Janet Albrechtsen has thrown her support behind the idea that a cut in tax rates will lead to an increase in tax revenue.


The biggest problem when you hit the rich with higher taxes is behavioural. Here, the please-tax-me-more brigade might wish to take a look at the work of Arthur Laffer, a prominent economist during the Reagan administration. He and Ronald Reagan understood that lowering tax rates, rather than hiking them, led to increases in taxable income revenues…. When you tax people more, their incentive to work more and earn more income drops off. It’s “pure commonsense”, Laffer says.

Albrechtsen seems to believe that we are always to the right of the peak in the Laffer curve. On this view, tax revenues would presumably be maximised with tax rates of 1%. This implies that we don’t need to choose between higher tax rates with higher revenues on the one hand, or lower rates with lower revenues on the other. We can have low tax rates and maintain or increase our current revenues! All that is standing in our way, seemingly, is a bunch of short-sighted politicians, prodded along by class warriors who seek higher rates for no reason other than spite or envy.

The problem is that there is little empirical support for claims that cuts in tax rates from the rates that currently prevail in countries like the US and Australia will result in increased revenue. Even conservative Republican economists dispute the notion that tax cuts pay for themselves.

Bruce Bartlett, an official in both the Reagan and George H.W. Bush administrations, has said:

The original supply-siders suggested that some tax cuts, under very special circumstances, might actually raise federal revenues…

But today it is common to hear tax cutters claim, implausibly, that all tax cuts raise revenue. 

Here’s what N. Gregory Mankiw, Chairman of the Council of Economic Advisers in the George W. Bush administration, had to say about the Laffer curve and the Reagan tax cuts in the 1998 edition of his textbook:

An example of fad economics occurred in 1980, when a small group of economists advised presidential candidate Ronald Reagan that an across-the-board cut in income tax rates would raise tax revenue. They argued that if people could keep a higher fraction of their income, people would work harder to earn more income. Even though tax rates would be lower, income would raise by so much, they claimed, that tax revenue would rise.

Almost all professional economists, including most of those who supported Reagan’s proposal to cut taxes, viewed this outcome as too optimistic. Lower tax rates might encourage people to work harder, and this extra effort would offset the direct effects of lower tax rates to some extent. But there was no credible evidence that work effort would rise by enough to caues tax revenues to rise in the face of lower tax rates. George Bush, also a presidential candidate in 1980, agreed with most of the professional economists: He called this idea “voodoo economics.”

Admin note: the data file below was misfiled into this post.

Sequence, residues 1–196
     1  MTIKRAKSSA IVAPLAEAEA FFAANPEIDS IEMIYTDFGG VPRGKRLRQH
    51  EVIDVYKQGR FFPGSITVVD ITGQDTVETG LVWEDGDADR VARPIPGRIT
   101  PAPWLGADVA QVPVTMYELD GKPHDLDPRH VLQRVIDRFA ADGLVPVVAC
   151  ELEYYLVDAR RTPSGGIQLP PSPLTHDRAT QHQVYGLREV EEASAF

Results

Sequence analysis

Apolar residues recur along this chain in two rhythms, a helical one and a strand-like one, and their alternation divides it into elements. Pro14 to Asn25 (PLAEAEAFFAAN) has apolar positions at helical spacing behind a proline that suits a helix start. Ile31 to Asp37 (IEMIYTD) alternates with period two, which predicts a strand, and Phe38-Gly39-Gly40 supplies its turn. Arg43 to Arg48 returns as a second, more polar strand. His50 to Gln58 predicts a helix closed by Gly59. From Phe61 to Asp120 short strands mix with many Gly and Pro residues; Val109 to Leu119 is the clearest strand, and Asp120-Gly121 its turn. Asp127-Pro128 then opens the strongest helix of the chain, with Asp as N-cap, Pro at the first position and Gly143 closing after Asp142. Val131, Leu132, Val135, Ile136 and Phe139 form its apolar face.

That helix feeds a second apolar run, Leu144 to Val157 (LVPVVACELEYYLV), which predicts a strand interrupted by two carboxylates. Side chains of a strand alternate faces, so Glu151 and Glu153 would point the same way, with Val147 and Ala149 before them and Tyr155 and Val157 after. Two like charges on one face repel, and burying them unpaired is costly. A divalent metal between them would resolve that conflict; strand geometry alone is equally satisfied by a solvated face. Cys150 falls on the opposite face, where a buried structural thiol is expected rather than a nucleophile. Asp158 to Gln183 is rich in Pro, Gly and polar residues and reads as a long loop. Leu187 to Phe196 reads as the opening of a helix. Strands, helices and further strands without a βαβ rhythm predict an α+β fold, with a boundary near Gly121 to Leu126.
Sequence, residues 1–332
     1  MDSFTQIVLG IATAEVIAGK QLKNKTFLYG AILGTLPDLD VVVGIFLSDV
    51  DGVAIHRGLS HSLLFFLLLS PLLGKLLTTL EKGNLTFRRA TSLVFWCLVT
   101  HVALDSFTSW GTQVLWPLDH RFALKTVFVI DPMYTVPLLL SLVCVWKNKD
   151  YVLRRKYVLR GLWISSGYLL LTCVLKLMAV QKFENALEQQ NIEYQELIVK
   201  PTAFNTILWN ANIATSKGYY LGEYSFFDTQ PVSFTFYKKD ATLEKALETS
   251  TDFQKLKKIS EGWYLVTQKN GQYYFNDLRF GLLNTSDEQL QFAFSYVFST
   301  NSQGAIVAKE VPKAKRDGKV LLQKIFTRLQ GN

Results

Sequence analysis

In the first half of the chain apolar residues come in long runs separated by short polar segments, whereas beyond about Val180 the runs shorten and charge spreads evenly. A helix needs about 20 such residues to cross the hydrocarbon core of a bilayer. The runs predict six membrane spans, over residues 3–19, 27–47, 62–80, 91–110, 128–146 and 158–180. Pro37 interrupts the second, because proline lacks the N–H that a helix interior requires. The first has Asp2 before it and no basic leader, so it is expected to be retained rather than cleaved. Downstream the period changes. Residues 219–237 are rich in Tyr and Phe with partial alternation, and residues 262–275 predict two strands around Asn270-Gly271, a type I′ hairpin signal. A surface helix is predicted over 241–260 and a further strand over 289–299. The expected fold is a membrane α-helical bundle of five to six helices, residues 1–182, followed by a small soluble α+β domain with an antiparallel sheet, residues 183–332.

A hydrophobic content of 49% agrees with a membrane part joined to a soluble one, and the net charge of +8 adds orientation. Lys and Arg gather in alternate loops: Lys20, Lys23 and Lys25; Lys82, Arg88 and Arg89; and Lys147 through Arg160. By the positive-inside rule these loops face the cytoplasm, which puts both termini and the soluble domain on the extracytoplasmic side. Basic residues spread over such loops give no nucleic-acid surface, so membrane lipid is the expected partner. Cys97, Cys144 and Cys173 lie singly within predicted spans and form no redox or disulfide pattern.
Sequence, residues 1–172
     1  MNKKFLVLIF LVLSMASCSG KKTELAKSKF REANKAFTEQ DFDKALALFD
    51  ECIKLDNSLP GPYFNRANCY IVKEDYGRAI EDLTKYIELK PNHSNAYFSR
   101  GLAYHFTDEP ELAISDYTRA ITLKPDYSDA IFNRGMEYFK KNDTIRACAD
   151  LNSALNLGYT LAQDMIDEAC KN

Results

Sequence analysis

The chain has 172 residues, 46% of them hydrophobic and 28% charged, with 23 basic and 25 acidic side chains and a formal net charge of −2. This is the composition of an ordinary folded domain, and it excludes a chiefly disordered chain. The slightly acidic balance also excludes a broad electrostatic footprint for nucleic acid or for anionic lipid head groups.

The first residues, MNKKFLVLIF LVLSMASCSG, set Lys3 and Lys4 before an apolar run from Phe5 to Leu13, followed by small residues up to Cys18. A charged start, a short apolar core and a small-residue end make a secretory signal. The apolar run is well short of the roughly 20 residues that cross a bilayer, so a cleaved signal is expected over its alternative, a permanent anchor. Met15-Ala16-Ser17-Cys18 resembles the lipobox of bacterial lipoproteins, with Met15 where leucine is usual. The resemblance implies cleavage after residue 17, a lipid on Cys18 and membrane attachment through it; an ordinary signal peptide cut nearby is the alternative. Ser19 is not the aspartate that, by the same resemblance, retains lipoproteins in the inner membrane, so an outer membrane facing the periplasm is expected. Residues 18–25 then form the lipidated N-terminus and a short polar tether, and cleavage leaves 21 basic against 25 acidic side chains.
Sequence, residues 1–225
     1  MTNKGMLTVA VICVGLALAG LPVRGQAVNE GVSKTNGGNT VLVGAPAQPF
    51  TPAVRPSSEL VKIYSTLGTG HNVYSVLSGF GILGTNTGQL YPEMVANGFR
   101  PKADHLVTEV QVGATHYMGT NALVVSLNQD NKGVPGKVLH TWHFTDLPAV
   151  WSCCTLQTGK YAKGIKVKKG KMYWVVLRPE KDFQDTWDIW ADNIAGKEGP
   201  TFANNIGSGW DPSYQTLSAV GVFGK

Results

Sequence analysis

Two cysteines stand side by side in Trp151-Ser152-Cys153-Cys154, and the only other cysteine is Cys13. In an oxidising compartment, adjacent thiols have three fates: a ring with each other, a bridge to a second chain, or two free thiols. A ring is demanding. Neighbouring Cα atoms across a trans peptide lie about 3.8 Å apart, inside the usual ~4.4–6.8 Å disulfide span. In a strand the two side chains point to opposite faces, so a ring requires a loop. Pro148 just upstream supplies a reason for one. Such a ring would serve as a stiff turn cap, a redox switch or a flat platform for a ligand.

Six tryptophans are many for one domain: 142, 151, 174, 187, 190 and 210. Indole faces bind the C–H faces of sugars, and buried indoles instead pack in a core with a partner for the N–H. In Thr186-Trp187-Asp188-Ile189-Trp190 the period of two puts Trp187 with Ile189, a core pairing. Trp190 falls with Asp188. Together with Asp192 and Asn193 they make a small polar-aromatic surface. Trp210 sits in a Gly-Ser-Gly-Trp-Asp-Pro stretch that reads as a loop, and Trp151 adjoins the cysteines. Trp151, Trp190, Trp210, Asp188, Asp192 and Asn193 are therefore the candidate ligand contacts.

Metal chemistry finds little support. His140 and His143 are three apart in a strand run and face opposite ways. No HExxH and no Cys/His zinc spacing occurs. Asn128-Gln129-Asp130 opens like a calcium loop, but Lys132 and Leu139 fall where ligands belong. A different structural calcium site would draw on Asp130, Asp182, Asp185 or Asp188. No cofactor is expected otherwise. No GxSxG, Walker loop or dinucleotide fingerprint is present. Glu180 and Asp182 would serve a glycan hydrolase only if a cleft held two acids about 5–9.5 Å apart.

Nonetheless, the argument was appealing to Reagan, and it shaped the 1980 presidential campaign and the economic policies of the 1980s…. Congress passed the cut in tax rates… but the tax cut did not cause tax revenue to rise… tax revenue fell.

Mankiw’s position seems to be that, over the long run, tax cuts do have a positive effect on incentives. This means that some of the revenue lost via tax cuts is recouped via increased economic activitiy. This is a fairly uncontroversial proposition. However, his work on the size of this behavioural effect suggests it’s much smaller than Albrechtsen claims.

Here’s Mankiw in 2007:

In a paper on dynamic scoring, written while I was working at the White House, Matthew Weinzierl and I estimated that a broad-based income tax cut (applying to both capital and labor income) would recoup only about a quarter of the lost revenue through supply-side growth effects

This estimate accords with studies of the effect of the Reagan tax cuts of the early 1980s. Lawrence Lindsey, who was Senior Staff Economist for Tax Policy in the Reagan Administration and later served in the G.W. Bush administration, found that:

at least one-sixth, and probably one-quarter, of the revenue loss ascribable to the rate reductions was recouped by changes in taxpayer behaviour.

In other words, for each dollar of tax revenue that is given up through tax cuts, the Government recoups around 15-25 cents through an increase in taxable income. Bear in mind that these estimates are those of conservative economists who worked in the White House under Republican Presidents. Their estimates of the effect of tax cuts on revenues should therefore be assumed to be on the high side.

Such tax cuts, on the Republicans’ estimates, still leave three-quarters to five-sixths of the lost revenue to be accounted for in some way. This can either be done by raising other taxes, cutting spending, or running persistent budget deficits.

If conservatives want to argue for a diminished role for Government, they should make the argument on its own terms, rather than hiding behind spurious suggestions that we can have our cake and eat it too. As Laffer himself has said, “”The Laffer Curve should not be the reason you raise or lower taxes.”

UPDATE: Here’s a useful summary of various views as to where the peak in the Laffer curve lies.